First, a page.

(i) If , then is updated, where is the length of time period ; is the time interval between bus runs and since runs are set evenly in ; is the average waiting time since passengers evenly arrive at the stop.

The number () of in-vehicle passengers is updated, .

(ii) If , then this is not a feasible solution, let , and return to (2.4).

(2.6.3) Let ; if , then return to (2.6.2); otherwise, turn to (2.7).

(2.7) Let ; if , then return to (2.6); otherwise, output .

(2.8) Let ; if , then return to (2.4); otherwise, turn to (2.9).

(2.9) Since , where , is the optimal strategy of subprocess () when . The value of making minimum is taken as the optimal strategy under phase . is the optimal strategy of subprocess () under phase , and is the optimal function value of subprocess () under phase . .

(2.10) Let ; if , then return to (2.3); otherwise, turn to (2.11).

(2.11) Let ; if , then return to (2.2); otherwise, output . If no feasible solutions can be found, then the value of is not right and more bus runs are needed. , and then the optimal strategy for the whole process can be obtained.

4. A Numerical Example

A bus line is illustrated in Figure 4, where stop 1 is the origin stop and stop 16 is the terminal. The bus travel time ) between stops and is fixed. The bus line’s service time is from 7:00 to 13:00. Tables 4, 5, 6, 7, 8, and 9 (see the appendix) give the data of traffic distributions () in each time period. Each hour is regarded as a time period and there are 6 time periods in total. At most 10 and at least 2 bus runs are for each time period; bus capacity is 50. It is supposed that no passengers are detained at the stop; that is, all passengers at the stop can get on the current bus run.

636937.fig.004
Figure 4: A bus line with 16 stops.

The target is to minimize the total waiting time of passengers at the stops. The problem is to determine the number of bus runs arranged for each time period and the departure timetable of bus runs at the origin stop.

If the number () of the total bus runs is 40, the optimization results are in Table 2. Since bus runs are set evenly in each time period, the departure time of bus runs at the origin stop is listed in Table 2.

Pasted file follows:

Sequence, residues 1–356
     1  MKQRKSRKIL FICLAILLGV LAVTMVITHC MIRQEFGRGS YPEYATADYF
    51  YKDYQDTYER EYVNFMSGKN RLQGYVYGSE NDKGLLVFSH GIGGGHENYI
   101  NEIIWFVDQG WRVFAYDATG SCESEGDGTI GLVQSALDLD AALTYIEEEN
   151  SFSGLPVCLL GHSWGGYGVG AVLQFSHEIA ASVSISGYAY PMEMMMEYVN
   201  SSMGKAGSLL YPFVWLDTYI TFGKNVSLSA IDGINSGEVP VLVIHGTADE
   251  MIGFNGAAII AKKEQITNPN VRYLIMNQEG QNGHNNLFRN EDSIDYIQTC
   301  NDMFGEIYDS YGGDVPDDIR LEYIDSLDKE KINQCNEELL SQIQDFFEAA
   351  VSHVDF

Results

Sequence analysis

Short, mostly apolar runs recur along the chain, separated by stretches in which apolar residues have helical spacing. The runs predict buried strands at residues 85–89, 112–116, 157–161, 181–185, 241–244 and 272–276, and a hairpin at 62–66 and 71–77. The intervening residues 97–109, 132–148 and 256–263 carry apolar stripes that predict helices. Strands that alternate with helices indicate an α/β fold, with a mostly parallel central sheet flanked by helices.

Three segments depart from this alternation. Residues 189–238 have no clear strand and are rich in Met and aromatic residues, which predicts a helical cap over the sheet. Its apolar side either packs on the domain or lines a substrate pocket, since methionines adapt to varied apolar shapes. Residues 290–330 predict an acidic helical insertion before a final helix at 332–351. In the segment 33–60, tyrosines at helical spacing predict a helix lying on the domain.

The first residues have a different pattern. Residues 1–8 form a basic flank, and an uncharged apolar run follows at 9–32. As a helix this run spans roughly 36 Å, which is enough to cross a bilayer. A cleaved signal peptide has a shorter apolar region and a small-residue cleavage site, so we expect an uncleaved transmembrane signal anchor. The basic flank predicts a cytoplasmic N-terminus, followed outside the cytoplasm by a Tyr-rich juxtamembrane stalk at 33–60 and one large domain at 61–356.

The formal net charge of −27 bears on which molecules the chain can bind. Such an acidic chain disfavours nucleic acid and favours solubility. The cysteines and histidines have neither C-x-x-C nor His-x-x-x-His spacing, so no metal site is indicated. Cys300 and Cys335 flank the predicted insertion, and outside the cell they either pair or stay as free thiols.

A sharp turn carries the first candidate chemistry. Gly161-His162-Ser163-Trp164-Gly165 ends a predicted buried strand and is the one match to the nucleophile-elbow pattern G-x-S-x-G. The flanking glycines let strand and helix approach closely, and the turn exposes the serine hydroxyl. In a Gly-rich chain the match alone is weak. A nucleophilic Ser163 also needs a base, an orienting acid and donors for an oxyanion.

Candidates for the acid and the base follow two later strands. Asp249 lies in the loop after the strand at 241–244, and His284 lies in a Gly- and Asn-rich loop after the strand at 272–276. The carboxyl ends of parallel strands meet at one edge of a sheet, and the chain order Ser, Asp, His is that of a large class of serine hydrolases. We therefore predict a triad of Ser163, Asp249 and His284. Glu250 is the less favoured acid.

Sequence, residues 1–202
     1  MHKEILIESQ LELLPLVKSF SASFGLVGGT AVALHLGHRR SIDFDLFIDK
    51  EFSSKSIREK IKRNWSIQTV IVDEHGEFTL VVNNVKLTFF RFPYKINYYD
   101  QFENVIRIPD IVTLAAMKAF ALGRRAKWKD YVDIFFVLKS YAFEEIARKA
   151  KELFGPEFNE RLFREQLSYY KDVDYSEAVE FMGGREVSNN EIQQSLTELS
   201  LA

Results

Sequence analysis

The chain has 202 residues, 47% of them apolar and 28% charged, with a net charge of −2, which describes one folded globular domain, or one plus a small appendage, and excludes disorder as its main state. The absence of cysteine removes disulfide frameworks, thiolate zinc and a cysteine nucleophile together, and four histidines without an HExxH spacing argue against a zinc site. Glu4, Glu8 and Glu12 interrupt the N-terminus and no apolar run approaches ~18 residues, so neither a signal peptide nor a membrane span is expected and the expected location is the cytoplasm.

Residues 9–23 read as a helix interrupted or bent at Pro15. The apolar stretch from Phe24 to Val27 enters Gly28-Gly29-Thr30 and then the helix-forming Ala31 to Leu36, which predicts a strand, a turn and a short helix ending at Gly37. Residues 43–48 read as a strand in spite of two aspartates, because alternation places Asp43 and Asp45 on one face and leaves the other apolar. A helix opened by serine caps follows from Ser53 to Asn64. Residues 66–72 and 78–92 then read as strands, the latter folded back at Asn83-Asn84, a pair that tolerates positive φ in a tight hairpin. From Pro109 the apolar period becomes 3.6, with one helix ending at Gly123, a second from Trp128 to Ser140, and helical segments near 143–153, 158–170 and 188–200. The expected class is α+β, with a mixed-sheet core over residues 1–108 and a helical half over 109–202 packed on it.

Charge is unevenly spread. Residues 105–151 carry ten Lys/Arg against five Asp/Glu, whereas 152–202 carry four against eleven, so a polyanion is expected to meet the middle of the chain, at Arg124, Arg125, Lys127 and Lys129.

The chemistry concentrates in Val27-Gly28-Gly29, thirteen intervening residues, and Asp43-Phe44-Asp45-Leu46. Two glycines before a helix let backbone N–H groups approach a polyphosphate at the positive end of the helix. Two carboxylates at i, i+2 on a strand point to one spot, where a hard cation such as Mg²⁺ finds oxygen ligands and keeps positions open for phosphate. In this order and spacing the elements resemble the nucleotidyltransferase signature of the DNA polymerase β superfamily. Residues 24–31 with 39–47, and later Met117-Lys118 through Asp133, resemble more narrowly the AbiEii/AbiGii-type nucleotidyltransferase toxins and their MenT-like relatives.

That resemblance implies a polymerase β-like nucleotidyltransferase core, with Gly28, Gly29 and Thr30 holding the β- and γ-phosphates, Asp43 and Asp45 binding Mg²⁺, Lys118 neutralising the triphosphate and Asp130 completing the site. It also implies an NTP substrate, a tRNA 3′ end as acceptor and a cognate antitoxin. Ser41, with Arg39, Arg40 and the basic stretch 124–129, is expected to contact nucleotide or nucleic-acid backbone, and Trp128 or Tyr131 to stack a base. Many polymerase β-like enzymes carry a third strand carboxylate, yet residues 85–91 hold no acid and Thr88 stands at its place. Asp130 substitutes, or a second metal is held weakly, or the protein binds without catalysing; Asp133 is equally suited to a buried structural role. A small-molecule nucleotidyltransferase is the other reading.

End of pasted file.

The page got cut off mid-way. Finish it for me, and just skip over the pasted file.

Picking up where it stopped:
tab2
Table 2: Optimization results when .

If takes different values, the results under different values of are in Table 3.

tab3
Table 3: Optimization results under different values of .
tab4
Table 4: Traffic distribution between stops in time period .
tab5
Table 5: Traffic distribution between stops in time period .
tab6
Table 6: Traffic distribution between stops in time period .
tab7
Table 7: Traffic distribution between stops in time period .
tab8
Table 8: Traffic distribution between stops in time period .
tab9
Table 9: Traffic distribution between stops in time period .

5. Conclusions and Prospect

This paper studied bus runs arrangement of a bus line and defined the bus timetable setting problem which is to determine bus runs assignment in each time period so as to minimize the total waiting time of passengers on platforms if the number of the total bus runs is known. On the basis of this definition, the global optimization algorithm using dynamic programming was proposed to solve the problem. A numerical example about bus runs assignment optimization of a single bus line demonstrated the efficiency of the proposed method.

Although only the case of one direction of a single bus line was discussed in this paper, the similar analysis can be made for the case of both directions only if traffic demands on the reverse direction are also known. By the same way the scheme of bus runs arrangement on the reverse direction can also be obtained. However, if the restriction of the number of vehicles and the optimal deployment of resources are taken into account, then the problem involves scheduling of vehicles and needs more researches in the future.

Appendix

See Tables 49.

Conflict of Interests

The author declares that there is no conflict of interests regarding the publication of this paper.

Acknowledgment

This research is supported by the Hunan Province Social Science Fund (Grant no. 12YBB274).